Still, what the Z-Score tale tells us is that while Rory is a very, very good golfer, he doesn’t go to the same dimension-bending, dinosaur-slaying, places Tiger Woods could go in his prime. But if we haven’t yet seen Rory’s best, there are few places Rory could demonstrate that to better effect than Medinah, the course Tiger has tamed twice for two of his fourteen major titles and a membership in the club itself. It’s no honorary membership, either: Tiger has the same rights as any other full member, an honor the club presented him with after his second win in 2006, which is to say that, in a sense perhaps more real than any other course, Medinah really is Tiger’s home turf. For Rory to beat Tiger there would be, one suspects, a grievous blow to the competitive Tiger—all the implacable laws of sport, which are even more inflexible than any mathematical model, thus demand that there is only one possible final match for the Ryder Cup’s finale at the end of September: Woods v. McIlroy, for all the stakes that there are. May the best Z-Score win—and to hell with the “random golfer theory.”


The Anger of Achilles

Rage—Goddess, sing the rage of Achilles,
Murderous and doomed.
The Iliad. Book I.

The Bob Hope got itself played in Palm Springs last week—despite all the efforts of Aeolus, god of wind—and watching it always reminds me of the third hole at Silver Rock, a shortish par three, when Justin Leonard’s caddie corrected me on the yardage I was giving Derek Anderson, who was then still Cleveland’s hope for the future. Silver Rock is one of those modern courses with many, many tee boxes installed by architects fighting a rear-guard action against the equipment-makers—a war that has all of the vitality Rome’s legions on the Rhine must have had in the century or two after Marcus Aurelius—and looking in the yardage book, I’d mistaken the tee box we actually were on for another because I’d missed seeing one of the tee boxes. The yardage I’d given Derek was something like 12 yards off: enough to put him on the wrong club. Justin’s caddie corrected me, which might have been the end of it but for the tenor of the man’s voice. He was angry.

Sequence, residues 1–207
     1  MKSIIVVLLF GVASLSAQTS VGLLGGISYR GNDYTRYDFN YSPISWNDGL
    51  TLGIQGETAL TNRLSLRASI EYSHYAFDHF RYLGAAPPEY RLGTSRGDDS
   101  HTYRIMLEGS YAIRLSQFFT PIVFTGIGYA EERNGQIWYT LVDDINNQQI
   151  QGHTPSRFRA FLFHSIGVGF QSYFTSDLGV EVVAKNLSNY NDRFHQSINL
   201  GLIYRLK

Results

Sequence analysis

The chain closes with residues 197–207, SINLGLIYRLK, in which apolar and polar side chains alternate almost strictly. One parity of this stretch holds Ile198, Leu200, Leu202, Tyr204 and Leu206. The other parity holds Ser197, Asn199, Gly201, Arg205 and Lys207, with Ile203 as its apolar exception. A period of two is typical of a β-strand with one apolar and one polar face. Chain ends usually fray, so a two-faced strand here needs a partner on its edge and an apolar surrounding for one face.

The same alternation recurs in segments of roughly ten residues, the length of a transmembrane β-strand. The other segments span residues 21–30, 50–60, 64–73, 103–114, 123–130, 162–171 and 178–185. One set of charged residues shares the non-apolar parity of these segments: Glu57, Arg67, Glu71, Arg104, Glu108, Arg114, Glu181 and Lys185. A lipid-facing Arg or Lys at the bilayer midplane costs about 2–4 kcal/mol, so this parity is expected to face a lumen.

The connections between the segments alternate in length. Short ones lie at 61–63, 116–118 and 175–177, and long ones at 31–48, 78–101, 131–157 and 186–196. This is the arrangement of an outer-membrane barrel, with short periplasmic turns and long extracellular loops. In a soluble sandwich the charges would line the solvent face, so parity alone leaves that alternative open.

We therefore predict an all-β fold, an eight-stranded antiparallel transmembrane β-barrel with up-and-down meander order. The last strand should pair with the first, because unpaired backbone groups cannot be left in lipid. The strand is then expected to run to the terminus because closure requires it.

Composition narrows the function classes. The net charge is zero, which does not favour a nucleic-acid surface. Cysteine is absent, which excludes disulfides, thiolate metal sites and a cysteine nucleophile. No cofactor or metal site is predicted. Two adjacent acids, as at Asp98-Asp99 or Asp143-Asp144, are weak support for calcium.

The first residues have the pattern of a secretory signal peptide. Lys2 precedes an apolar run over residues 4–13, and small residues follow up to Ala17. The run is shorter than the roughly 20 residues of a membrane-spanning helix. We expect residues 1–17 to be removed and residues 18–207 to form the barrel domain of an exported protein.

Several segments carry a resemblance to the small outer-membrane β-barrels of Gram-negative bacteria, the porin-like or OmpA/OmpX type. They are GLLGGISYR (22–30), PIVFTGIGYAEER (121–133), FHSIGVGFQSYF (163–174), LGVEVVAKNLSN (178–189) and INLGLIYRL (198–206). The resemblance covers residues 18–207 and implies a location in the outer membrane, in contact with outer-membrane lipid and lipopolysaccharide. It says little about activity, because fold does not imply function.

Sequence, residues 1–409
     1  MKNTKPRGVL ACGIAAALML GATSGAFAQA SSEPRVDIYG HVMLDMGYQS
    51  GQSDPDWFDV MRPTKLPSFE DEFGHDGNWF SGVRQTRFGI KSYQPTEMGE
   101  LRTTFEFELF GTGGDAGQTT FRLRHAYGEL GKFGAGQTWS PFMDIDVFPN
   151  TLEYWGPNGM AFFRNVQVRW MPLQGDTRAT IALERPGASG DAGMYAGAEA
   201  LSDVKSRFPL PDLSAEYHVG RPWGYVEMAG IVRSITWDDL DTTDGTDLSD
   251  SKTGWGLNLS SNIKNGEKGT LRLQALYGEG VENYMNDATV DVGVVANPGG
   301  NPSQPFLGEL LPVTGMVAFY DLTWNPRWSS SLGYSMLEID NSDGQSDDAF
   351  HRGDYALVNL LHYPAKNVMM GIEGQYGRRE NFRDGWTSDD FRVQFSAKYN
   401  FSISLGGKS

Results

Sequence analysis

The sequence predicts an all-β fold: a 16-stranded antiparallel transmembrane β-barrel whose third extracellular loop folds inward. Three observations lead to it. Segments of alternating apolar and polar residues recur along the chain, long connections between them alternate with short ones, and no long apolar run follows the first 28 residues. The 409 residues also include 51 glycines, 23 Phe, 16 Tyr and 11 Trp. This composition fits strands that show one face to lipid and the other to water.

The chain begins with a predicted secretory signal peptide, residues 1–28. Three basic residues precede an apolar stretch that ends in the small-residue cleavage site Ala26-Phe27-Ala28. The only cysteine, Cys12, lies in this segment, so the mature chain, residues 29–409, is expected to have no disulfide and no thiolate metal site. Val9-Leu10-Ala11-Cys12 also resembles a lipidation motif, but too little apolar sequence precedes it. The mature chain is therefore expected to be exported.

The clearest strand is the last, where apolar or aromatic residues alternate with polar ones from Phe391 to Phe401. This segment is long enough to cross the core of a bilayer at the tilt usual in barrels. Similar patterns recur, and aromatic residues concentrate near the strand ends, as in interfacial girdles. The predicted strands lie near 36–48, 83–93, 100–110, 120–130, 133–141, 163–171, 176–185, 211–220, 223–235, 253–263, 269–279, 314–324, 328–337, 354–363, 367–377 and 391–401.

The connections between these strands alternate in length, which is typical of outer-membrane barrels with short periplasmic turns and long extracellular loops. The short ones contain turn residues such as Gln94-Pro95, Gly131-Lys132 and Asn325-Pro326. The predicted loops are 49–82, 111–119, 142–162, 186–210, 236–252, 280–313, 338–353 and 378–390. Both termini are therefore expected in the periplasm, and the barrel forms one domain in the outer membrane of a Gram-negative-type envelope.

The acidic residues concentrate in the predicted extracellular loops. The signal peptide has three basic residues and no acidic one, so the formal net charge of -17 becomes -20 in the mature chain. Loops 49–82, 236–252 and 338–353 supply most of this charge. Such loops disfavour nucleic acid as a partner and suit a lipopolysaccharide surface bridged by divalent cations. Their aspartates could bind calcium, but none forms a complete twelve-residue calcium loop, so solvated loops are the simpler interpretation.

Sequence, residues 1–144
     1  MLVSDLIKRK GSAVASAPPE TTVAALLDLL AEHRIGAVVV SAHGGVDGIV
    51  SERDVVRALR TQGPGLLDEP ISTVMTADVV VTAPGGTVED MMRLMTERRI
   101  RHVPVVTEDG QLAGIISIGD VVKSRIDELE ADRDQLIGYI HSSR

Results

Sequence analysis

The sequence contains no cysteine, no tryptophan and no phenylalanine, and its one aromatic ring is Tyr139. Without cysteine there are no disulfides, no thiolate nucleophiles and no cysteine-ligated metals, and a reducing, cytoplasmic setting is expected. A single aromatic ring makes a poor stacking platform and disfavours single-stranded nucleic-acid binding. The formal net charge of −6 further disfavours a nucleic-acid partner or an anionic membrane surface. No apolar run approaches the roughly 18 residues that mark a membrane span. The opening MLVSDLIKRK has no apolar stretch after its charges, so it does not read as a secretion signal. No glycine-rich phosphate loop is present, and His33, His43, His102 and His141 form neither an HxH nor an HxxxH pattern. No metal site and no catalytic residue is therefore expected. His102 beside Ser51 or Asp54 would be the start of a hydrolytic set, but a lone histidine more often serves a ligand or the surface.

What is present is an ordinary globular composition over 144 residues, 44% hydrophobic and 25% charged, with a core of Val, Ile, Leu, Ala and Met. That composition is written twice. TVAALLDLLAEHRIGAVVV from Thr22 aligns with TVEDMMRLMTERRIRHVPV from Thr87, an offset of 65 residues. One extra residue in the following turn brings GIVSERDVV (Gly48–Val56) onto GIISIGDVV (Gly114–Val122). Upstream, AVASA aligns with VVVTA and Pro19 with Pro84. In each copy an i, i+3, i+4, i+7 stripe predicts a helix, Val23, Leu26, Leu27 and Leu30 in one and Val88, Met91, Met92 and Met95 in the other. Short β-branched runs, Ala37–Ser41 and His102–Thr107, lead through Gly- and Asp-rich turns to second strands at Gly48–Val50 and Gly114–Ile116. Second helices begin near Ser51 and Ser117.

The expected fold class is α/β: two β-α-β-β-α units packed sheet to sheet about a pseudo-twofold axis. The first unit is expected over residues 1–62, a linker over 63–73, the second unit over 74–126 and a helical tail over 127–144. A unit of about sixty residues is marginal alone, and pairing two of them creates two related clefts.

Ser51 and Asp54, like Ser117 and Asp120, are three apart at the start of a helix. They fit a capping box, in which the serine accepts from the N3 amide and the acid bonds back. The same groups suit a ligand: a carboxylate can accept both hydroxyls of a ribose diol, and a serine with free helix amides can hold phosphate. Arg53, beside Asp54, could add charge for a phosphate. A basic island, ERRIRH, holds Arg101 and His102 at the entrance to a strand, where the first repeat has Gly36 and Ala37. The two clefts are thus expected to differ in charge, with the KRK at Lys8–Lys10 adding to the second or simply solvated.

Now, golf and anger are no strangers to each other: “Some emotions,” even the great Bobby Jones once said, “cannot be endured with a golf club in your hands.” “Terrible” Tommy Bolt, a U.S. Open-winning subscriber to Jones’ theory, advised not only to throw your clubs in front of you (it saves a walk), but also never to break both your putter and driver in the same round: canny pieces of advice from a man not unfamiliar with helicoptering drivers or putters.